7. Interview with Qaddoumi , published in Kul Al-Arab (Israeli Arab newspaper), 3 January 2003.
8. For documentation, see Bat Ye’or, The Dhimmi: Jews and Christians under Islam (Cranbury, NJ:
AUP, 1985/2003); idem, The Decline of Eastern Christianity under Islam. From Jihad to Dhimitude: 7th to
20th century (Cranbury, NJ: AUP, 1996/2003); idem, Islam and Dhimmitude. Where Civilizations Collide.
9. UN English interpretation as recorded verbatim from statement delivered in Arabic
10. Photograph by Yossef Yinnon (1972) on the back cover of an 8-page publication: Bat Ye’or, ‘Oriental
Jewry and the Dhimmi image in contemporary Arab nationalism’ (lecture, Jews College, London; organised
on 5 Sept. 1978 by The Jews in Arab Lands Committee; chairman: former British Prime Minister Harold
Wilson), World Organization of Jews from Arab Countries/ WOJAC (Editions de l’Avenir: Geneva, 5 April
11. Malka Hillel Shulewitz (ed. coll. ), The Forgotten Millions. The Modern Jewish Exodus from Arab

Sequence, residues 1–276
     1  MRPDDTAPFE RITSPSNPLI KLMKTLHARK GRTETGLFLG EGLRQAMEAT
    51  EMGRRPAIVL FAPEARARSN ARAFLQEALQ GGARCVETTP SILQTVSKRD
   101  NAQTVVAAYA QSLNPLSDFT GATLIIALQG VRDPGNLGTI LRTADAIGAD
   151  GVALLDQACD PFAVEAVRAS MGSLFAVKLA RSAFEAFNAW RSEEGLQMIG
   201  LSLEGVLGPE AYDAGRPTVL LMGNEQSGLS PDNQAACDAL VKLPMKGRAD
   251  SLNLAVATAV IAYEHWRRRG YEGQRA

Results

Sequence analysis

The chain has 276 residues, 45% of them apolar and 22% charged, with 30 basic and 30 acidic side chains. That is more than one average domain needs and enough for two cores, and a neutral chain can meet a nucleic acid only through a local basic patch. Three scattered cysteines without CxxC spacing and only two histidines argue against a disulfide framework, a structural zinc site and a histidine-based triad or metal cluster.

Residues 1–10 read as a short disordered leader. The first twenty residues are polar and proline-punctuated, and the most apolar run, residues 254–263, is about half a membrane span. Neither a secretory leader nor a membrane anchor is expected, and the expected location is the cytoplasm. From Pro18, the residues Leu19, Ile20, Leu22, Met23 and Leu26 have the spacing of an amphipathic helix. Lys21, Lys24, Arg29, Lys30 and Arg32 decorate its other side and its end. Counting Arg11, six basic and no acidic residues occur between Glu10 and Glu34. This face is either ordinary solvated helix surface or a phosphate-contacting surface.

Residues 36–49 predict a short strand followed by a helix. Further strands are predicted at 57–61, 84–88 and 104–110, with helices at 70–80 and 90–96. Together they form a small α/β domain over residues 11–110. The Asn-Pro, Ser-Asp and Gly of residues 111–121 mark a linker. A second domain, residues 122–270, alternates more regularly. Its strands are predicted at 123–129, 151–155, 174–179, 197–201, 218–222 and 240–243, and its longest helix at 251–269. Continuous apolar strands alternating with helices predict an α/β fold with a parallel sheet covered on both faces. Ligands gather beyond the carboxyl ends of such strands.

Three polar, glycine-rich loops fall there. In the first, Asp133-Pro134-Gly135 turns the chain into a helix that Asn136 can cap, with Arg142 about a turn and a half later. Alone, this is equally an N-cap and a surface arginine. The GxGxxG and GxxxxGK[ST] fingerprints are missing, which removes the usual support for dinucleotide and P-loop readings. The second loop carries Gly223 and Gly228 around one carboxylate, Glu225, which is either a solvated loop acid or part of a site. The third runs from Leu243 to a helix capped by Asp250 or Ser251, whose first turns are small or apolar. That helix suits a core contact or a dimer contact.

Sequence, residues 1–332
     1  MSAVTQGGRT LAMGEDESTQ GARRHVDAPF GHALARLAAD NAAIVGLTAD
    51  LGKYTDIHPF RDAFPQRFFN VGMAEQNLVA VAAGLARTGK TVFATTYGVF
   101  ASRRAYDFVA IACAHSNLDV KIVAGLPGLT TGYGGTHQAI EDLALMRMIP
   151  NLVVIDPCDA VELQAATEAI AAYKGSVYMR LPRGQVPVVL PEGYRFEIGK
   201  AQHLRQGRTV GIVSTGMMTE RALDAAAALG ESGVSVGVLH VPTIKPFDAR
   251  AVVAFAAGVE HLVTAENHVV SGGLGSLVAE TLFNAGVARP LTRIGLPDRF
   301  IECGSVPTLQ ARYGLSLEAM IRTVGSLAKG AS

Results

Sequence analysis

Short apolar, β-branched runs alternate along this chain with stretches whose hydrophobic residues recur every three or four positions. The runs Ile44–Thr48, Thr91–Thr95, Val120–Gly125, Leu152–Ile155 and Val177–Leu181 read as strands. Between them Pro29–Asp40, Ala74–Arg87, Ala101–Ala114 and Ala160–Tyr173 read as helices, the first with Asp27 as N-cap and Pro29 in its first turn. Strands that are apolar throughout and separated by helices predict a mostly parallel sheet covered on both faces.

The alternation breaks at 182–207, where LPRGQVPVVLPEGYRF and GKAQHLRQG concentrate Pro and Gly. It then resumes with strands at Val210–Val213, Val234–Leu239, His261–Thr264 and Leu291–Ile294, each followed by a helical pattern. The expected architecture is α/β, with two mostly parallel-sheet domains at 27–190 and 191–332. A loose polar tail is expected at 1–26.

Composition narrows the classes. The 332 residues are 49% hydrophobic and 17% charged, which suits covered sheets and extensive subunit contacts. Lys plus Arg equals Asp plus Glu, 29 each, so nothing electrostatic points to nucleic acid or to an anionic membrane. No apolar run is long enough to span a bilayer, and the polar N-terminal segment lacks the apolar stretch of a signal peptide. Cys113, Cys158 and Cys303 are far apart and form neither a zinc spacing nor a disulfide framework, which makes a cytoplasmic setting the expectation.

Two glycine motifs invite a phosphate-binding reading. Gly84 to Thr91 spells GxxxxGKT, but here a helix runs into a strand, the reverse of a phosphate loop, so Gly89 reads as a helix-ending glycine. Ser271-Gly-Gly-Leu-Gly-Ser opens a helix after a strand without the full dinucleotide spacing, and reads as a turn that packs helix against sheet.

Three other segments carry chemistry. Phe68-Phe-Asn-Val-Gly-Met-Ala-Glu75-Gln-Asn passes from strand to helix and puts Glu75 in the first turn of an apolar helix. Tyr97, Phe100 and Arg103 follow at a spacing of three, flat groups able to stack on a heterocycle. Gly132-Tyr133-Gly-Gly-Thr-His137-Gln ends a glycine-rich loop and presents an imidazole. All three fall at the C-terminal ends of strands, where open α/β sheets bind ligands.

(Cassell: London / New York, 1999/Continuum, London / New York, 2000); Shmuel Trigano (sous la
direction, coll.), L’exclusion des Juifs des pays arabes. Aux sources du conflit israélo-arabe (IN PRESS
EDITIONS, France, 2003)
12. Cf. Working Group on Minorities, 9th session, 12-16 May 2003, under item 4: the update reports
by Mr. Asbjorne Eide; and under item 4 of the Sub-Commission, the reports undertaken by Mr. Paulo
Sérgio Pinheiro.
With the author’s permission, this written statement — with several modifications and many enlargements by him
— is based on The Forgotten Refugees. An Exchange of populations by David G. Littman, in The National Review
Online, New York, 3 December 2002:
(David G. Littman is a representative of the World Union for Progressive Judaism to the United Nations in